Department of Mathematics
College of Arts and Sciences
Web Page: http://www.math.fsu.edu/
Chair: Xiaoming Wang; Associate Chair: Bellenot; Associate Chair for Graduate Studies: Bowers; Director of Pure Mathematics: Aldrovandi; Director of Applied and Computational Mathematics: Gallivan; Director of Financial Mathematics: Kercheval; Director of Biomathematics: Bertram; Professors: Aluffi, Bellenot, Bertram, Bowers, S. Fenley, Gallivan, Heil, Hironaka, Huckaba, Hussaini, Kercheval, Klassen, Kopriva, Mesterton-Gibbons, Mio, Nolder, D. Oberlin, Okten, Sussman, Tam, van Hoeij, Wang; Associate Professors: Agashe, Aldrovandi, Cogan, Hurdal, Kim, Magnan, Muslimani, Petersen; Assistant Professors: Fahim, Jain, Moore, R. Oberlin, Zhu; Coordinator of Basic Mathematics: Blackwelder; Coordinator of Graduate Teaching Assistants: Kirby; Coordinator of Actuarial Science: Paris; Coordinator of the Financial Mathematics Master’s Program: Ewald; Professors Emeriti: Blumsack, Bryant, Case, Gilmer, Heerema, Kreimer, Mott, Nichols, Quine, Sumners, Wright; Courtesy Professors: Absil, Beaumont, Chen, Croicu, le Dimet, Erlebacher, M. Fenley, Gan, Gunzburger, Marcolli, Mascagni, Mathelin, Moorer, Peterson, Srivastava, Tabak, Tang, van Dooren, Xiaoqiang Wang
The Department of Mathematics is strongly committed to graduate education and research, and offers programs of study leading to both the master’s (MA and MS) and the doctoral (PhD) degrees. Its programs are designed to prepare students for mathematical careers in the academic, corporate, and governmental sectors. PhD and master’s degrees are offered with concentrations in four areas: Pure Mathematics, Applied and Computational Mathematics, Financial Mathematics, and Biomathematics. For more information, please visit http://www.math.fsu.edu.
The department has cooperative relationships with science, social science, business, and engineering departments, the College of Medicine, and many institutes and laboratories on campus including: the Geophysical Fluid Dynamics Institute, the Laboratory of Imaging Studies, the Institute for Molecular Biophysics, the National High Magnetic Field Laboratory, the Program in Neuroscience, and the Department of Scientific Computing. Aside from a wide array of beginning and advanced courses in graduate mathematics, students may take advantage of approved courses outside the department. This includes courses in biochemistry, computer science, economics, engineering, finance, molecular biology and biophysics, physics, risk management, and statistics. Flexible master’s programs may be designed to suit the career goals of individual students. Financial Mathematics students may broaden their employment opportunities by pursuing a concentration in actuarial science. Students participate in the weekly colloquia; they rotate responsibility for running a graduate-student seminar, where they discuss and critique their work, and invite speakers to broadly address professional development. They may attend any subset of over a dozen seminar series whose topics vary according to the current research interests of the department.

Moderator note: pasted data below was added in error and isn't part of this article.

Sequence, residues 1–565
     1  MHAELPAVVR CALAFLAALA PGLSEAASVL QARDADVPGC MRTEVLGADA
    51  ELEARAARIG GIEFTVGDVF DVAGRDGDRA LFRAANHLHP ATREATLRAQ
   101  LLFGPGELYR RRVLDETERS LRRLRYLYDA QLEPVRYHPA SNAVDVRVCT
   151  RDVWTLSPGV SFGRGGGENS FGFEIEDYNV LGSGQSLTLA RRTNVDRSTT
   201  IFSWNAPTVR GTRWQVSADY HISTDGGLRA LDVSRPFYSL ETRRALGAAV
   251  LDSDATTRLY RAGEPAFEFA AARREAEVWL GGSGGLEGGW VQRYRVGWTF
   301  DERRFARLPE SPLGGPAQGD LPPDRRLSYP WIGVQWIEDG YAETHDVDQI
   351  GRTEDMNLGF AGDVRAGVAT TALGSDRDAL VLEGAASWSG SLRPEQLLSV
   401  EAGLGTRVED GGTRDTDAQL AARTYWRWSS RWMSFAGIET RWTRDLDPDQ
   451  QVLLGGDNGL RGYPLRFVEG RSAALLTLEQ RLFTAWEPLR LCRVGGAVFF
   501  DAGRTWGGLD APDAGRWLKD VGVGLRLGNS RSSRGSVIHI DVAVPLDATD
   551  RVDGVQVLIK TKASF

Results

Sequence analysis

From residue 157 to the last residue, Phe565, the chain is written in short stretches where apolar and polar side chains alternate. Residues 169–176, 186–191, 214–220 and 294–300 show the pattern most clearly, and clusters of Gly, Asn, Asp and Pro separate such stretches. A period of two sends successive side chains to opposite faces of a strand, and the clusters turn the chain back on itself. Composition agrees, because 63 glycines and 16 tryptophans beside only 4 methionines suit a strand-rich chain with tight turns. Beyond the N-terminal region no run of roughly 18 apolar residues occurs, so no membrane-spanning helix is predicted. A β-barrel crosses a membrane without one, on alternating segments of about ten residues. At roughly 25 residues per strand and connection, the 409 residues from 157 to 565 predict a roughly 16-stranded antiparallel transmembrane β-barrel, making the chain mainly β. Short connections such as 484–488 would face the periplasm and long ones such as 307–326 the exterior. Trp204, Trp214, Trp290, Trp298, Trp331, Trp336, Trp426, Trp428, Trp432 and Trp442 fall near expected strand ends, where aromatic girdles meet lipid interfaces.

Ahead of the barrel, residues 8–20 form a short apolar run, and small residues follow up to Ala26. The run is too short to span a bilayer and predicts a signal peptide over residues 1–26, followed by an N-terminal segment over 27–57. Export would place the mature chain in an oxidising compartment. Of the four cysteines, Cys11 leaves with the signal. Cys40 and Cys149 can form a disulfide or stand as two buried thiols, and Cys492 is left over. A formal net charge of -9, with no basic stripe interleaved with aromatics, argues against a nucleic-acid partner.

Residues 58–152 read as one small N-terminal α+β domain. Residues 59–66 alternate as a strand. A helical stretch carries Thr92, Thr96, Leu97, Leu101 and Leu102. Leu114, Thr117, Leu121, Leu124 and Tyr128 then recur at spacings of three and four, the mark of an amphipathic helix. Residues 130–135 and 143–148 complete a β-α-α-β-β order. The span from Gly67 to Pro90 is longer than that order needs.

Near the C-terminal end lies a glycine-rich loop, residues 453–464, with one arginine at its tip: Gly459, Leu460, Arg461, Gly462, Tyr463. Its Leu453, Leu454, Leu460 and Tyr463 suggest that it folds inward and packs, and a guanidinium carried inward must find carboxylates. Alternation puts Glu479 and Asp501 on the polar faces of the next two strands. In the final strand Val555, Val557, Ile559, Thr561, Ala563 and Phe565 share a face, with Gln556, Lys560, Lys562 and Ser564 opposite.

The faculty of the department includes a Robert O. Lawton Distinguished Professor, an Eminent Scholar Chair in High Performance Computing, the Carol M. Brennen Professorship, the Dwight B. Goodner Professorship, three Distinguished Research Professors, three recipients of Developing Scholar Awards, and more than a dozen recipients of University Teaching and Advising Awards.
The four study areas give opportunities for graduate student and faculty interaction. The resulting research, publication, and recognition is in a variety of specializations including: algebraic geometry, arithmetic geometry, biofilms, biomathematics, collegiate mathematics education, complex analysis, computational anatomy and pattern analysis, complex dynamical systems, computational acoustics, computational neuroscience, conformal mapping, cryptography, econophysics, dynamical systems, financial mathematics and computational finance, fluid dynamics, game theory, geometric topology, harmonic analysis, high performance computing, homological algebra, homotopy theory, human brain mapping, knotting of DNA, mathematical economics, mathematical physics, mathematics history and biography, number theory, numerical analysis, partial differential equations, pattern recognition, physiology, protein geometry, shape theory, stochastic analysis, and symbolic computation. Faculty and graduate students are supported in their work by FSU research initiatives and by outside agencies including: Air Force Office of Scientific Research, American Heart Association, The Boeing Company, Goodrich Aerostructures, International Association of Financial Engineers, the Institute for Applied Mathematics (Minnesota), Mathematical Biosciences Institute (Ohio State), National Aeronautics and Space Administration, National Institutes of Health, National Mathematics and Science Initiative, National Security Agency, National Science Foundation, Ohio Aerospace Institute, Simons Foundation, and the U.S. Department of Education.